How did the industrial revolution change the world between 1850 and 1900?
first: http://www.victorianweb.org/technology/i... The changes brought by the Industrial Revolution overturned not only traditional economies, but also whole societies. Economic changes caused far-reaching social changes, including the movement of people to cities, the availability of a greater variety of material goods, and new ways of doing business. The Industrial Revolution was the first step in modern economic growth and development. Economic development was combined with superior military technology to make the nations of Europe and their cultural offshoots, such as the United States, the most powerful in the world in the 18th and 19th centuries. The Industrial Revolution is called a revolution because it changed society both significantly and rapidly. Over the course of human history, there has been only one other group of changes as significant as the Industrial Revolution. This is what anthropologists call the Neolithic Revolution, which took place in the later part of the Stone Age. In the Neolithic Revolution, people moved from social systems based on hunting and gathering to much more complex communities that depended on agriculture and the domestication of animals. This led to the rise of permanent settlements and, eventually, urban civilizations. The Industrial Revolution brought a shift from the agricultural societies created during the Neolithic Revolution to modern industrial societies.
How did the industrial revolution produce changes in culture and society?
I don't know what "the three forms of imperialism" are, but here are just a few of the ways in which the industrial revolution produced changes in culture and society. 1. The population urbanized, leaving the rural areas and flocking to the cities. 2. Wealth moved from the hands of the landed aristocracy to the hand of the middle-class engineers, managers and artisans. 3. Families ceased spending the bulk of their waking hours in one another's company and became alienated from one another as they went to work in separate factories. 4. Food production went from being an individual family project to being an industry in its own right 5. Industrial pollution fouled the water & air in the cities in ways previously unimagined 6. The move from rural subsistance living to urban salaried living necessitated the production of enormously increased amounts of currency, which led to a shortage of gold & silver, which led to the decision to have fiat currency (paper money) ...and so it goes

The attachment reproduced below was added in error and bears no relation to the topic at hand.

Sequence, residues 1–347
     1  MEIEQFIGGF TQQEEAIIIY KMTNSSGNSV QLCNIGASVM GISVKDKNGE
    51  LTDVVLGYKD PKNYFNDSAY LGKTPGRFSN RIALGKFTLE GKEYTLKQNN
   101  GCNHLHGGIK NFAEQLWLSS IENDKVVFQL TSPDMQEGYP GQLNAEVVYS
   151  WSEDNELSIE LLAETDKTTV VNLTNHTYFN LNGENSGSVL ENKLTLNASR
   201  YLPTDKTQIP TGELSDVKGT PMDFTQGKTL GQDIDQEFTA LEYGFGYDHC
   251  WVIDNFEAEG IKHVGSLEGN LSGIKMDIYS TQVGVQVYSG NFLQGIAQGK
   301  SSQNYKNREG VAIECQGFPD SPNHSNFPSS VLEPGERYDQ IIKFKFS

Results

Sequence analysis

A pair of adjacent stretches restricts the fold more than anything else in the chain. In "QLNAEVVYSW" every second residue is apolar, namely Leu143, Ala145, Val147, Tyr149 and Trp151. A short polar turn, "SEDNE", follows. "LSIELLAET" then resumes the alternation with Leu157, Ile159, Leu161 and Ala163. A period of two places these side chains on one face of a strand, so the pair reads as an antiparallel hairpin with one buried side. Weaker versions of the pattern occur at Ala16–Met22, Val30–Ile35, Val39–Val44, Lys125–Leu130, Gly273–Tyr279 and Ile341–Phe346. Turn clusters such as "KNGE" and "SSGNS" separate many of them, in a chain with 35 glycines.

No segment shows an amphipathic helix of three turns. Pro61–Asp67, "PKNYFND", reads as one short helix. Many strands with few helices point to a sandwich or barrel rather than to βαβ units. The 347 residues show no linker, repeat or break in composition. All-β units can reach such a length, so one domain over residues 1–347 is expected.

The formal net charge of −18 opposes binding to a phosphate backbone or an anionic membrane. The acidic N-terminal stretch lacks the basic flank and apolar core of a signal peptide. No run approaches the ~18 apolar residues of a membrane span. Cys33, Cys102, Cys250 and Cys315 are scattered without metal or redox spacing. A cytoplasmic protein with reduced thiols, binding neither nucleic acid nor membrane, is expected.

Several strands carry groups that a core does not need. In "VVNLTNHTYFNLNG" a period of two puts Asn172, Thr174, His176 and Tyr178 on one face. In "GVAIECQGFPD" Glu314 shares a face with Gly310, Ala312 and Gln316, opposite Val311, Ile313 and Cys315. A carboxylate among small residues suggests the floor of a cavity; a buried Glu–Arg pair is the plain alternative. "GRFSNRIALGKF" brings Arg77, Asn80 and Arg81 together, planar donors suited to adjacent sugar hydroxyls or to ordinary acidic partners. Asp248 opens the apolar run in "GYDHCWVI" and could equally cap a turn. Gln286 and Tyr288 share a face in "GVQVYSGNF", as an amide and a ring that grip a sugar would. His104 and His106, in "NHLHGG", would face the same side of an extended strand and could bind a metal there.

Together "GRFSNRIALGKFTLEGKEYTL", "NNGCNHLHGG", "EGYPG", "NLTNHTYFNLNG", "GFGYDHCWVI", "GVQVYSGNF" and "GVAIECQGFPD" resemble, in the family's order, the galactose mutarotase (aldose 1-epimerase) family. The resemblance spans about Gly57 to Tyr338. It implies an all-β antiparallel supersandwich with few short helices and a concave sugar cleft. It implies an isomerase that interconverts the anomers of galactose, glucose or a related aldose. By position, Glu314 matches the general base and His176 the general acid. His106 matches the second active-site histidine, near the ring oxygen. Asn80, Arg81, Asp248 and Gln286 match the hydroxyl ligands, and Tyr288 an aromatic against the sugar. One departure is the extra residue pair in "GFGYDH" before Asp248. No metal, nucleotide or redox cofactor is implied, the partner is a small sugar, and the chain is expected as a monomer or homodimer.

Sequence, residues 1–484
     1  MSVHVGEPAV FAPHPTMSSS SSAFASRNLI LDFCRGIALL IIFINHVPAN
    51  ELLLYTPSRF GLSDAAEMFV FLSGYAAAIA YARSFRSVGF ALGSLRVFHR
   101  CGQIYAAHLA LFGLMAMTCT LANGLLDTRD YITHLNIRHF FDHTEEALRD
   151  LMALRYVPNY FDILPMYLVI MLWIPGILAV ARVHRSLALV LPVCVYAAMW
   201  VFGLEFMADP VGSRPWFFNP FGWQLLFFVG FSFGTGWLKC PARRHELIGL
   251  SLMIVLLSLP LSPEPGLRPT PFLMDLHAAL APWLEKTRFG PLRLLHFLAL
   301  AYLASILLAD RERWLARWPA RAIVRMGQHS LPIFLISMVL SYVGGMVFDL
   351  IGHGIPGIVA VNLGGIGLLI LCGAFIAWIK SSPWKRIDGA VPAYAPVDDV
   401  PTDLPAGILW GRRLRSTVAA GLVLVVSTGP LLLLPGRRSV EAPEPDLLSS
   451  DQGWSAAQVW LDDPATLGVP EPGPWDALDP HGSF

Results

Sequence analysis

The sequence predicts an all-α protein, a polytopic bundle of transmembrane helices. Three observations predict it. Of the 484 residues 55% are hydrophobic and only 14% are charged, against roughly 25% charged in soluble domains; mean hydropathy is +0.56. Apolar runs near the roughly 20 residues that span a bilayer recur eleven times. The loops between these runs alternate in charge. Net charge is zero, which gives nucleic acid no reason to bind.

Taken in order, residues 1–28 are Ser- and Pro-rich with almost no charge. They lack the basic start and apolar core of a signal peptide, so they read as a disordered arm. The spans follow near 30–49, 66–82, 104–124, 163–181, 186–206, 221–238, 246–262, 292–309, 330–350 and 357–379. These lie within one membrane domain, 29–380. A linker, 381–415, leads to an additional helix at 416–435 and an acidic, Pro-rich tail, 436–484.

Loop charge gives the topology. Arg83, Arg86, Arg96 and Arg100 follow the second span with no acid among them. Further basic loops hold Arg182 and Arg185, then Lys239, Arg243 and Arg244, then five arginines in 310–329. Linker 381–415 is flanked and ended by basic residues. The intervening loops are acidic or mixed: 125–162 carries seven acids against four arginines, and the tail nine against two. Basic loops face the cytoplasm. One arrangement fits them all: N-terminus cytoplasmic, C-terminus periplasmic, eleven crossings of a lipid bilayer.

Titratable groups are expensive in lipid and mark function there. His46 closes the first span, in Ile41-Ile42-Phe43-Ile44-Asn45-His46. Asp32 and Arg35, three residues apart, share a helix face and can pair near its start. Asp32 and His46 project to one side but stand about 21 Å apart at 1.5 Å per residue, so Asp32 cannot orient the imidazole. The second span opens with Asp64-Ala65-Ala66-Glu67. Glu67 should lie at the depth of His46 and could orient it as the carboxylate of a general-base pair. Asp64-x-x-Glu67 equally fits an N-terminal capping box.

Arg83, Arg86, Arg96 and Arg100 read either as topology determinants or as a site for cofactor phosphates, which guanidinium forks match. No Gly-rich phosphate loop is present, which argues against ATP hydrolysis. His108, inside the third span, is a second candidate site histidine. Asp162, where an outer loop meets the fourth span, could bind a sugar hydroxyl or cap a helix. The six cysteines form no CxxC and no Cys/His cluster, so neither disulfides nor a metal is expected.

How did the Mexican Revolution permanently change Mexican culture and government?
This could give enough topic for a lengthy study so I’ll just stick to politics and culture.It created a peculiar political entity that claims to follow and uphold the principles of social justice that the armed Revolution defended. The current ruling party, PRI (Institutional Revolutionary Party) is quite far from those ideals and has quietly let go most of its rhetoric but still claims to uphold them. Before the Mexican Revolution, the political elite had a mixture of liberal and conservative values, and was mostly concerned with economic development, social justice and mass participation in politics was not at all high in their agenda. So the Revolution placed those ideas as the main justification for the political class’ action.Also, according to Article 27, the State administers all land and natural resources, since their sovereignty belongs to the Nation. However, it does not eliminate private property, it just puts it under public administration and makes it subject to expropriation if the common welfare can gain from it.Culturally, it connected the Mexican north with the center of the country. Before the Revolution, the Northern border was a lawless land with very little participation in national politics, however after the Revolution, not only the “Northern Barbarians” became the new ruling class but also northern culture as in music, cuisine and imagery became mainstream.